Sad show of sheep and wool in­dus­try’s steady de­cline

Chinchilla News - - NEWS - Alana Calvert Alana.Calvert@ chin­

WHILE it was great see­ing the Chin­chilla and the Miles com­mu­ni­ties cel­e­brated at their re­spec­tive shows re­cently, as these an­nual events are a show­case of a re­gion’s agri­cul­tural sec­tor the dwin­dling or com­plete ab­sence of wool was a telling tes­ta­ment to the state of af­fairs for the lo­cal wool in­dus­try.

I’m not say­ing it wasn’t good to see Miles Show’s grain and wool pav­il­ion utilised by the rein­tro­duced poul­try sec­tion, but as the de­scen­dant of merino farm­ers from way back be­fore An­ces­ knows when, I found it dis­tress­ing to see rows and rows of shelves pur­pose-built for the dis­play of fleeces oc­cu­pied by per­haps six.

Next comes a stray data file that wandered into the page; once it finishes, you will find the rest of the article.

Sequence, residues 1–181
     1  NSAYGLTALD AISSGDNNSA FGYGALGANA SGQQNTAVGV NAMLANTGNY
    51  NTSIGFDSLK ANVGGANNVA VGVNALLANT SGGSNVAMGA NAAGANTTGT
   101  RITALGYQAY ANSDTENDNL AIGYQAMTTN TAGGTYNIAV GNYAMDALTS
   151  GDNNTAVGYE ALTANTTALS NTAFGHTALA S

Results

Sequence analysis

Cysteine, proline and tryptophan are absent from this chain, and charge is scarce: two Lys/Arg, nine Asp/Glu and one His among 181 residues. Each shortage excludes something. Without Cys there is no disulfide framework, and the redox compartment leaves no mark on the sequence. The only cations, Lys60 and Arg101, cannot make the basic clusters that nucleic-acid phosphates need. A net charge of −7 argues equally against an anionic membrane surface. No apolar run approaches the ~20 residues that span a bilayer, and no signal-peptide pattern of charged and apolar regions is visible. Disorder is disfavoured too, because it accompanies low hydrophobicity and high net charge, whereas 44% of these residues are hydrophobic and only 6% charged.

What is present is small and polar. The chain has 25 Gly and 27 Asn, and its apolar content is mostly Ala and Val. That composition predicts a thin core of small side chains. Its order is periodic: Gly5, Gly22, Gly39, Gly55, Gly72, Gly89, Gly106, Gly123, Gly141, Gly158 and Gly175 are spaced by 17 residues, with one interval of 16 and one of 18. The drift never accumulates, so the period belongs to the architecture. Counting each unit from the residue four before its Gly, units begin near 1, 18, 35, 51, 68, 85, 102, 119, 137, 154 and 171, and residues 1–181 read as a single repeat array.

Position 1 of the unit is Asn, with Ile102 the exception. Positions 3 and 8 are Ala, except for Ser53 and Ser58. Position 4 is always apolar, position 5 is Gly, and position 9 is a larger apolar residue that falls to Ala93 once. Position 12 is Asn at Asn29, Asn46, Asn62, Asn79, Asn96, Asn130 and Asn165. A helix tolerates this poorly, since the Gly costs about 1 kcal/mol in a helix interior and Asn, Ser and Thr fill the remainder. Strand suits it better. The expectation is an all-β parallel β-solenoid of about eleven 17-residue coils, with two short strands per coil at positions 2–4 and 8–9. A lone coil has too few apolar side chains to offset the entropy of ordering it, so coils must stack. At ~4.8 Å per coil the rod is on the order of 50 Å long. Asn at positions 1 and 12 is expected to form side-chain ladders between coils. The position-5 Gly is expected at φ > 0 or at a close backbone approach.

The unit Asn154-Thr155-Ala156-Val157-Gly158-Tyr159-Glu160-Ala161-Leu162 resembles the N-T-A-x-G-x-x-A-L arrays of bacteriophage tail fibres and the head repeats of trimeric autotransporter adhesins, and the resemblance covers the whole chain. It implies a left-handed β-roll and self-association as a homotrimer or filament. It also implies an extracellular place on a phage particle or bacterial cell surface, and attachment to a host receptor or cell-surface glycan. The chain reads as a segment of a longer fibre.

I grew up in the 90s, so while the fact of the slow, ag­o­nis­ing death of the wool in­dus­try has been knowl­edge to me since the sound of my own name, to see this de­cline il­lus­trated so starkly at the Chin­chilla and Miles shows over the past week was heart­break­ing.

How­ever, Tara Show ear­lier in the year gave cause for hope. The sheep and wool sec­tion was full of ex­hibitors and com­peti­tors, who had come not just from across the West­ern Downs, but from across the Su­rat Basin to at­tend and show their prod­ucts of hard toil and gen­er­a­tions of care­fully honed blood­lines.

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